The Practicality of Private Waterways

The following article was published in the Spring 2010 issue of The Objective Standard.

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For centuries, few have questioned the idea that waterways—streams, rivers, lakes, and oceans—are or should be “public property.” The doctrine of “public trust,” with roots in both Roman and English common law, holds that these resources should not be privately owned but rather held in trust by government for use by all. The United States Supreme Court cited this doctrine in 1892, ruling that state governments properly hold title to waterways such as lakes and rivers, “a title held in trust for the people of the state that they may enjoy the navigation of the waters, carry on commerce over them, and have liberty of fishing therein freed from the obstruction or interference of private parties.”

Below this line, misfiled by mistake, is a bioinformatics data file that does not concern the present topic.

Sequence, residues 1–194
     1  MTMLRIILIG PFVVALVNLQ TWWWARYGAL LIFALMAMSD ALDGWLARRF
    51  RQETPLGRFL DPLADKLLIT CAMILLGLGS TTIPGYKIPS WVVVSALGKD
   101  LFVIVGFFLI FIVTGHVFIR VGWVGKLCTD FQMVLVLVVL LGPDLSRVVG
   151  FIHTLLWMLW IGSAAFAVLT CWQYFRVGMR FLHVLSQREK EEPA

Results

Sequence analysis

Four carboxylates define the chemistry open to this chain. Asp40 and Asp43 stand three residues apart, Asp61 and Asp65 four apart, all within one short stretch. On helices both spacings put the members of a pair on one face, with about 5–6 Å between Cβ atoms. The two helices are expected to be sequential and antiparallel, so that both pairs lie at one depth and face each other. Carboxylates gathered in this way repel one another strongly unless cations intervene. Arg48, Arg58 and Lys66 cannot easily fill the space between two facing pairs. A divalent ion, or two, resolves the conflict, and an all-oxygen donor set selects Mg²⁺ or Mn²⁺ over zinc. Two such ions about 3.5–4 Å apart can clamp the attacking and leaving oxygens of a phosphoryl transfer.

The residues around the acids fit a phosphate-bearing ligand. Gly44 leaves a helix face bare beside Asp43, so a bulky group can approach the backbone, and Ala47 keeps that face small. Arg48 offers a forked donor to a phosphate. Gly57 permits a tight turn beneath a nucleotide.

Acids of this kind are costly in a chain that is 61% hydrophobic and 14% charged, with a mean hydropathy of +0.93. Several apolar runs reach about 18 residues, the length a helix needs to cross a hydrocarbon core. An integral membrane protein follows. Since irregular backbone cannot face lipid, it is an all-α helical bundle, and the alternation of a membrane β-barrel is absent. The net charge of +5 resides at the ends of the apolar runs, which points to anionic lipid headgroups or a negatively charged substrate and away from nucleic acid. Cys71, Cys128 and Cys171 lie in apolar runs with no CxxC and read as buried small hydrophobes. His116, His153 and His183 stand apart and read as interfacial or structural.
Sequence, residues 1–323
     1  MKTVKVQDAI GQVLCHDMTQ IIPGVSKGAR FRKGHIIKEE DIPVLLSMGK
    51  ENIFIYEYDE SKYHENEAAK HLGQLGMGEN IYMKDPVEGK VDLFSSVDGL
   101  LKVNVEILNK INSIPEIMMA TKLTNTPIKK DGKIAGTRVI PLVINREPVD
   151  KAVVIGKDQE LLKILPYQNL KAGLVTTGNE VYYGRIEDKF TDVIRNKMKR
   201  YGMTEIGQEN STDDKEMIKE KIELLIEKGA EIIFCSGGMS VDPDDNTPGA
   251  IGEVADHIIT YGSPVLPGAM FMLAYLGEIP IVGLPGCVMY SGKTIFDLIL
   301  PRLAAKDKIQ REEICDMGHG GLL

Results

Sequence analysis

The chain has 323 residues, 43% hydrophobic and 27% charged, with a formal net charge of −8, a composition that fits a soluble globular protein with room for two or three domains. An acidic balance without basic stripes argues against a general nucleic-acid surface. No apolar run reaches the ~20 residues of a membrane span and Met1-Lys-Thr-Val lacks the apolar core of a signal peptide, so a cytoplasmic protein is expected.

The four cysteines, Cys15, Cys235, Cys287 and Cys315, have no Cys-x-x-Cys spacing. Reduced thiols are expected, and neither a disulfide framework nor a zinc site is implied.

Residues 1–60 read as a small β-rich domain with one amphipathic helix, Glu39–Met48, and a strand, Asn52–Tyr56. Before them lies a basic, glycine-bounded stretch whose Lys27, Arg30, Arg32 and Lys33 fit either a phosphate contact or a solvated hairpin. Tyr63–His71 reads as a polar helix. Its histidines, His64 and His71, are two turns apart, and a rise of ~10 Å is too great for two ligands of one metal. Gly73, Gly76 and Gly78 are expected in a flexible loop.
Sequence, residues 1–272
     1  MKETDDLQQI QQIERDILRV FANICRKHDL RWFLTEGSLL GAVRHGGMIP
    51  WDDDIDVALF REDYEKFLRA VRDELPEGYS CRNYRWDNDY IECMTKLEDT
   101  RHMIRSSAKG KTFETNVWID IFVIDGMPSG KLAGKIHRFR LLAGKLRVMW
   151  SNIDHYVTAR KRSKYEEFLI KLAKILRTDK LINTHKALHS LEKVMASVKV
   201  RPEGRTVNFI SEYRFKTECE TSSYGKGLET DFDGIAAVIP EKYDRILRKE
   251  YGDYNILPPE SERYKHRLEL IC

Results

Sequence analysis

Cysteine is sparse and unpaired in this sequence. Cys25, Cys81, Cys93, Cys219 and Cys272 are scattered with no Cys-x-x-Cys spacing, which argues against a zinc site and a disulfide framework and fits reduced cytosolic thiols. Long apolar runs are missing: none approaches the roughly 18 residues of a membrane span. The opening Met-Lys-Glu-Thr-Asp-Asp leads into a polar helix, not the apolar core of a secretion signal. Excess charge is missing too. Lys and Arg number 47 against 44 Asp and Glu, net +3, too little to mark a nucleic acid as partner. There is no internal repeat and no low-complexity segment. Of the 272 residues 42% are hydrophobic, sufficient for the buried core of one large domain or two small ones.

This “public ownership,” however, is increasingly thwarting the life-serving nature of waterways as sources of drinking water, fish, and recreation. Predictably, when a resource—whether a park, an alleyway, or a pond—is owned by “everyone,” its users have less incentive to protect or improve its long-term value than they would if it were owned by an individual or a corporation. Users of “public property” tend to use the resource for short-term gain, often causing the deterioration of its long-term value—the well-known “tragedy of the commons.” This phenomenon is perhaps nowhere clearer than in the case of waterways. Read more

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